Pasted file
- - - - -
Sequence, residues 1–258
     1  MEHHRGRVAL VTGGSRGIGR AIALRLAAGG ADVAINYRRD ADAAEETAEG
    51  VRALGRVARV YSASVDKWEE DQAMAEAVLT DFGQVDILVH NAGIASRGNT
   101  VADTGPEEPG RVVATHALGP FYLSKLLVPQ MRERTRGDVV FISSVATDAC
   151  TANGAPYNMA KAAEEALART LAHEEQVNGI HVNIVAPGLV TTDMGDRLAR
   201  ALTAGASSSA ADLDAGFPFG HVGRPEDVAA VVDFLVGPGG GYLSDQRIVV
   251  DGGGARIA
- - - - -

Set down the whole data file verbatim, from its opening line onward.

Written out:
Sequence, residues 1–258
     1  MEHHRGRVAL VTGGSRGIGR AIALRLAAGG ADVAINYRRD ADAAEETAEG
    51  VRALGRVARV YSASVDKWEE DQAMAEAVLT DFGQVDILVH NAGIASRGNT
   101  VADTGPEEPG RVVATHALGP FYLSKLLVPQ MRERTRGDVV FISSVATDAC
   151  TANGAPYNMA KAAEEALART LAHEEQVNGI HVNIVAPGLV TTDMGDRLAR
   201  ALTAGASSSA ADLDAGFPFG HVGRPEDVAA VVDFLVGPGG GYLSDQRIVV
   251  DGGGARIA